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Chamber Music


We have produced a Style Guide to help editors follow a standard format when editing a listing. If you are unsure how best to edit this programme please take a moment to read it.
CEDRIC SHARPE (Violoncello)
Quartet for Strings in E Minor, Op 59, No. 2
Allegro ; Molto adagio ; Allegretto, Trio-Theme russe; Finale-Presto
THE three Quartets which make up Op. 69 belong to a period of Beethoven's career when things were going anything but happily for him. Vienna was occupied by the victorious French troops, and the unfortunate people had to suffer all manner of irksome restraints and privations. The Court and all Beethoven's important friends had left Vienna, and the tragic affliction of his deafness was beginning to make itself seriously felt. It may thus well be true that some of the sadness which can be heard in this music is a real reflection of his own depressed spirits. The Quartets are all dedicated to Count Rasoumowaky, and are affectionately known to chamber music lovers all over the world by his name. He was Russian Ambassador at the Viennese Court,, and it is supposed that ths Russian airs which in each Quartet form the basis of one or other of the movements, .were suggested by him to Beethoven.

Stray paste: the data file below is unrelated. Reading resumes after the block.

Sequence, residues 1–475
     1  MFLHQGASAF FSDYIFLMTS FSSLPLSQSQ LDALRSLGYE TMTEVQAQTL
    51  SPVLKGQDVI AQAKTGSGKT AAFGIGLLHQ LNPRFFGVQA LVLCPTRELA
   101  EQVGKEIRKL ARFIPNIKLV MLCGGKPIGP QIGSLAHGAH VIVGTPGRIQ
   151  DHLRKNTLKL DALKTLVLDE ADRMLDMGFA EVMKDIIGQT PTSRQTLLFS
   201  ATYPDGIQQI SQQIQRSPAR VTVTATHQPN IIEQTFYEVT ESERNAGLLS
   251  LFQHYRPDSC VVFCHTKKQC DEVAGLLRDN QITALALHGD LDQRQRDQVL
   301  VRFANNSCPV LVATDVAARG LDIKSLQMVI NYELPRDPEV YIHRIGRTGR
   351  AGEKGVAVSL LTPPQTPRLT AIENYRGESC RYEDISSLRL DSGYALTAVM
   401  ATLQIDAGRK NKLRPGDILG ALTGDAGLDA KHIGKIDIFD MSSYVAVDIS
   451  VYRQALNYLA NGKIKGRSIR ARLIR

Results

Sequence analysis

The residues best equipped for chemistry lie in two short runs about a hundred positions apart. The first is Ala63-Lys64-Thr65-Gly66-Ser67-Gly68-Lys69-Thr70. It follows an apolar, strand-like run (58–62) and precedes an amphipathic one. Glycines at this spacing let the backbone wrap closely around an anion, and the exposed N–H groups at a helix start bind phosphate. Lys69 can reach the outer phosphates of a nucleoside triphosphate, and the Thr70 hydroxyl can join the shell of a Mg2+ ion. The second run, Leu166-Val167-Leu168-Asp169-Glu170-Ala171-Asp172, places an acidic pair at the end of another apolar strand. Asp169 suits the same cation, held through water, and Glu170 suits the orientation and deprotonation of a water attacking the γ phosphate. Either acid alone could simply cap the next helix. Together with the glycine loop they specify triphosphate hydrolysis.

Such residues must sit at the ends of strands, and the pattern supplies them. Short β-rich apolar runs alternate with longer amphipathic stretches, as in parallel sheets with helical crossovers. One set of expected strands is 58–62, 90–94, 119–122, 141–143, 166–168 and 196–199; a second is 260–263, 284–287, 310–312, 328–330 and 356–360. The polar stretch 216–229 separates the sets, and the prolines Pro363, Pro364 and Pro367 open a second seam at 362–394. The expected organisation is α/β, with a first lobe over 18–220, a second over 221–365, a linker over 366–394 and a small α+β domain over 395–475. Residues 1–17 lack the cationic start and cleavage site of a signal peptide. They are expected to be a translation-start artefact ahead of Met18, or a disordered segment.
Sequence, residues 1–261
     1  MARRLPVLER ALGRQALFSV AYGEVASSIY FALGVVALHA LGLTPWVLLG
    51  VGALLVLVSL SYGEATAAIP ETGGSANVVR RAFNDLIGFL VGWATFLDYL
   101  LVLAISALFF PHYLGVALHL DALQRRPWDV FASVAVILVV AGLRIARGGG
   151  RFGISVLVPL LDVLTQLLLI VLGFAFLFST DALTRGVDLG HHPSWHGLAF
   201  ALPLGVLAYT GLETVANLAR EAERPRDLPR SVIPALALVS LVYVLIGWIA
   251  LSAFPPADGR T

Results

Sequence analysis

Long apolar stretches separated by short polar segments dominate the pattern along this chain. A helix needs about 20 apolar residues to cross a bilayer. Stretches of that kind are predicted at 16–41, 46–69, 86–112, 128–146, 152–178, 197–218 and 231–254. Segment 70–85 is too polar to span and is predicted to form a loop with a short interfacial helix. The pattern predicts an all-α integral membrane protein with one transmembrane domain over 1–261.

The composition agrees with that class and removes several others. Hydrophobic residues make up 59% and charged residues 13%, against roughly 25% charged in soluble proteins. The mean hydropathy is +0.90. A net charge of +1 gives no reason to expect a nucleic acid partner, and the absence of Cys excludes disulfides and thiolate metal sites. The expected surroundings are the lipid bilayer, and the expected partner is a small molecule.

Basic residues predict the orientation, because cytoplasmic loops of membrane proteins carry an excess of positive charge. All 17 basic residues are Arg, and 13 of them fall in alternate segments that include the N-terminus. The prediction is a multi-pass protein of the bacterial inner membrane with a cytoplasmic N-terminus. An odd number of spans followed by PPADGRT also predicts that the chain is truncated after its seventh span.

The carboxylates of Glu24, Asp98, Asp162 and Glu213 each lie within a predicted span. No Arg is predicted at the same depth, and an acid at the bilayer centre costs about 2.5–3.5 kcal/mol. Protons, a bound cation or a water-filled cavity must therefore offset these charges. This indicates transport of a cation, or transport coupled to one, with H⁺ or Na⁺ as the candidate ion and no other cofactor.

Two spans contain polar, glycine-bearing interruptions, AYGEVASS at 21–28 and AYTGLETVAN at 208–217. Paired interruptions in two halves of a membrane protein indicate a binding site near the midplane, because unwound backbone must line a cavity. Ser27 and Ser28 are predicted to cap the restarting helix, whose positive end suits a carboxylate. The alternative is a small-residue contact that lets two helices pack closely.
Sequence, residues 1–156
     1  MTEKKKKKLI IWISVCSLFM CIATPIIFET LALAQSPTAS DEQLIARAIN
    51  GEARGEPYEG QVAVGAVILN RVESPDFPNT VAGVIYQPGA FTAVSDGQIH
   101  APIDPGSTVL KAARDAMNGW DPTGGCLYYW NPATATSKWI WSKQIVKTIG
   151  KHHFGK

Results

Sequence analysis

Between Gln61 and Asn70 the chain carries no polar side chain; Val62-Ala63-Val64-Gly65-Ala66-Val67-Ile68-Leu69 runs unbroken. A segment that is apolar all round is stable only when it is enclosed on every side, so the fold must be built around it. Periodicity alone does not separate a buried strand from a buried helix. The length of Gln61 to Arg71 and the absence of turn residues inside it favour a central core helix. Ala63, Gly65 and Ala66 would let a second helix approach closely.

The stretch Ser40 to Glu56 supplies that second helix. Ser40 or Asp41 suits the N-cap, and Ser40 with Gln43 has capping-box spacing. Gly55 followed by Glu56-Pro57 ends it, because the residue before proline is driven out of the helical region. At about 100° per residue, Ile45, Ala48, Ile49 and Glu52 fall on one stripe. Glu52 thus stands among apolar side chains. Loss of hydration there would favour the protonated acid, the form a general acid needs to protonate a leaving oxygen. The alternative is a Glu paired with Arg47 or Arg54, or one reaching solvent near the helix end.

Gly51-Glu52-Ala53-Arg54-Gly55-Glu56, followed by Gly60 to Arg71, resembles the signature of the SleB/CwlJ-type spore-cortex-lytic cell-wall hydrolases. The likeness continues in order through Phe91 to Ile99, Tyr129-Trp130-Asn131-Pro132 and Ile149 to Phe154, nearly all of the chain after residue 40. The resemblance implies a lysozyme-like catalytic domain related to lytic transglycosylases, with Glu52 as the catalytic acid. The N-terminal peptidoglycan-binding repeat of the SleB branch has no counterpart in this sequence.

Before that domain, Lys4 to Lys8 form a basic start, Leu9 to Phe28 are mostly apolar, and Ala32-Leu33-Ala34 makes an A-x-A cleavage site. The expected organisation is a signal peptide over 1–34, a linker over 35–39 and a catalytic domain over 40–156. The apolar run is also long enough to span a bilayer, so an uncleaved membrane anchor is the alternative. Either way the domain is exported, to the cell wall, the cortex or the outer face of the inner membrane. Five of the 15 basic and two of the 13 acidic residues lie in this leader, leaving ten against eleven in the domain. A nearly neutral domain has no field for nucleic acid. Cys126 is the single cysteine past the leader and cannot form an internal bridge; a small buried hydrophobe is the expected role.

EUGENE GOOSSENS. the third bearer of the name to achieve distinct tion as conductor, bids fait to add greater lustre to tint family annals as a com poser, than his distin. guished father and grand father. Sturdily Enghsh in spite of his Belgian de scent, he owes less than moat of his contemporaries to English folk song. Hia music is quite definitely original, and though in many ways as modern as most of the music of the present day school, it is not so strange in its idiom as some by which listeners have been rather baffled.
He is equally at home in composing for the orchestra, where his unusually wide experience as a coni ductor stands him in goodj stead, or in the more re-j stricted domain of chamber music.


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